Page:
It must have taken 30 minutes to climb the glacial moraine, our heads and chest felt like exploding. When I got to the top I felt like I was going to pass out from exhaustion. It was a big disappointment when I summated the moraine, my eyes scanned the glacial, it was a moonscape of rocks, boulders and rubble almost resembling a huge quarry, it stretch from left to right as far as I could see. I hesitated telling Jacinta what my watery eyes could see. I instead chose to stay out of view until she got closer to the top, she repeatedly yelled “can you see Lobuche from there” she so desperately wanted to be there. After several times asking I finally gave her the bad news, she took it better than I thought, until she gazed upon the glacier with her own eyes “F%$#@ hell” I think was her exact words. Without delay we scanned the rocky moraine to find an entry point into the glacier. Once we found a safe passage we over the rocky ridge to start our crossing. I only got 30 metres into the glacier when I knew this was a bad idea. There was no clear way to cross and it felt like I was a mouse trying to find cheese in a maze, the problem was there was no way through and the cheese was odourless. Every which way was certain to lead us parallel to the glacier, into a crater, at the edge of a rocky cliff face, into an ice pool or at the base of an unstable hill. Every single rock was disguised as a wedge that held up bigger and bigger rocks. Every step I took undermined these loose wedge stones and rocks, then in turn undermining the ones above them until a domino effect happened sending massive rocks rolling down the hill like bear traps ready to snap and clamp our legs pining them against other rocks. It was frightening to think of and an even greater a possibility of it really happening. I triple checked every rock I stood on, I sent an array of rocks crashing down the hill and others into the safe foot hold for Jacinta to walk on. Our best bet was to keep as high as we could to eliminating any danger of being hit by a falling rock, also giving us some sort of vantage point to find any way safe out. There was a massive peak that was sure to give me a clear view of Lobuche below. I climbed carefully hoping for good news. We had been crossing the glacier for one hour so far, I reached the top only to find 360deg views of glacier, there was no sign of anything, no life, no wind, just piles and piles of unstable rocks and boulders. I felt sick, the frustrations started to boil in tune with our headaches. We travel 200m in one hour and still had another 600m to go. It felt as if though we were never going to get there, every time we thought we were getting close it ended up being a cruel joke, by this time we were both tired and cranky and we soon found a reason to pick on each other. Spoonfuls of tone, a sprinkle of sarcasm, stir in some altitude and mix all this in with a headache and you have a great recipe for an argument. I started to lose my temper with Jacinta, she was so painfully slow over the rocks, forcing us to spend twice as long in this hell hole as we should have been. She got even crankier when I told her to hurry up. The glacier made noises as if it wanted to close in on use. Every now and then you would hear rocks tumbling down rocky hill sides and the sound of a deep thud coming deep within the glacier itself. Our first sign of any glacial ice came around 300m in. We weren’t sure it was ice at first because it was around 18C in the glacier and the dirty ice looked like a cracked rock face. We could hear a small stream trickling behind the ice wall including little stones and pebbles dislodging from the melt water. It was just a reminder that everything was moving very slowly under us and that the glacier was alive and breathing. We rock hopped 500m in before we had any sign of the other side; the last ridge revealed flatter mounds and smaller rocks giving us some straight line travel. We then found a flat gravel bed that enabled us to freely walk 200m up to the glacial moraine on the other side. Once we found a way up the moraine Lobuche came into sight. We were so happy to be out, we were physically and mentally drained, our heads were pounding from the extra exertion we put our oxygen less bodies through. I developed an annoying swishing sound in my left ear, it was in tune with my heart pumping blood through the tiny vessels, and it would take another week before we were low enough in altitude to return to normal. It ended up taking 2.5 hours to cross 800m of glacier and unless we had to we would never ever cross a glacier on purpose again. We were at least 100m high standing on the edge of the moraine, looking down and to the right was Lobuche, it was only 250m away. We made the decision to travel along the top of the moraine then once perpendicular to Lobuche, traverse down the hill and straight into a lodge. This all backfired when we walked only 40m coming to the start of glacial blow out forming a cliff on either side. We ended up climbing down the face of the moraine like mountain goats until we were finally on the correct path to Lobuche. We arrived at 2:00pm finding a cheap lodge straight away; we had lunch (noodles) then rested the whole afternoon. Our heads were pounding, the onset of altitude sickness has never been more apparent. After a few hours we couldn't handle it anymore, we both took some Panadol to kill the pain hoping that it was the end of it. Within 15min the headache was gone but the altitude was still there. We treated ourselves to dish of Dal Bhat for the massive appetite that possessed our bodies, the best thing about paying the little extra for Dal Bhat is they keep filling the plate until your stomach is popping at the seams.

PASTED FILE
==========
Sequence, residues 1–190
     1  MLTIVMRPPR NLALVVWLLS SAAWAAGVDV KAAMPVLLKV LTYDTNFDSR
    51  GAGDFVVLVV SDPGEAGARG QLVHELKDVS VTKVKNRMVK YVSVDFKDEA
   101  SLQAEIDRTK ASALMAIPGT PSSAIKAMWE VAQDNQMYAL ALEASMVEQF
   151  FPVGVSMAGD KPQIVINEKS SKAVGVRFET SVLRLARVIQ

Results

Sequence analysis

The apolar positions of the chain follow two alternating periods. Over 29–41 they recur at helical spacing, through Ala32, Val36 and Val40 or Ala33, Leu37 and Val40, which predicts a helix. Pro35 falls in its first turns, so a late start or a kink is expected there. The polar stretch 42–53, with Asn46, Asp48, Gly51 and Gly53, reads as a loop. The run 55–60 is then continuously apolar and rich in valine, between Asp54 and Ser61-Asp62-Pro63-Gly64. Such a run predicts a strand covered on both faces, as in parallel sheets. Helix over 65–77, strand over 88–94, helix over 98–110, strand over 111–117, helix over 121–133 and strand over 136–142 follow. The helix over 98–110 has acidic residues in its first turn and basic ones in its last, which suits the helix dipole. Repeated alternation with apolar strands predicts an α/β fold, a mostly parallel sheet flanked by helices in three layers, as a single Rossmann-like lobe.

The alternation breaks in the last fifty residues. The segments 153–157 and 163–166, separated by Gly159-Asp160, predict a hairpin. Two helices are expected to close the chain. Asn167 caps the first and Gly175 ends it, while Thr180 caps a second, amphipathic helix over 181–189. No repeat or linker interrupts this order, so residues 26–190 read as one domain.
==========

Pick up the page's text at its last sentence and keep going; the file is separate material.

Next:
At almost 5000m high just getting ready for bed would leave you gasping for breath. Even while at rest when your body settles into a normal breathing rhythm there is just not enough oxygen in the air to satisfy your bodies needs. We woke up in a panic as the feeling of drowning without water becomes a possibility. A dozen quick breaths topping up the depleted oxygen reserves until you wake up again 15min- 30min later once again gasping for life. This happened right through the night, even when you are asleep. Another awful experience is when you consciously wakeup in the night with a dry mouth. Breathing dry air through your mouth and with a blocked nose gives you the most unbelievably hideous dry mouth you have ever ever experienced. If you think drying your mouth out when you were a kid feels funny wait till you experience this; it’s horrible! It’s like your saliva glands have gone on strike, after a minute of trying to work up some sort of moister, you end up giving in to the horrible feeling, It feels like your tongue possessed furry cow tongue that is living inside mouth, you end up succumbing to a drink of water. The dry air also produced a massive amount of static electricity. I took my goose down jacket off in the middle of the night. The jacket sparkled like twinkling fireworks in front of me, for a second I thought I was losing my mind. Another frightening experience is when you’re sleeping bag suddenly comes alive and tries to cocoon you in a sarcophagus of death. The hood opening disappears and you’re lost in your own sleeping bag waking up screaming for oxygen you panic to find the opening before you almost pass out. The fresh breathable oxygen is only through a few thin layers of fabric but you can’t find the opening, the depleted oxygen in your sleeping bag is not going to cut it, you arms wave frantically desperately trying to find the opening, it’s always just in a nick of time. This happened to so many people along the trek, everyone explained it as a terrifying experience.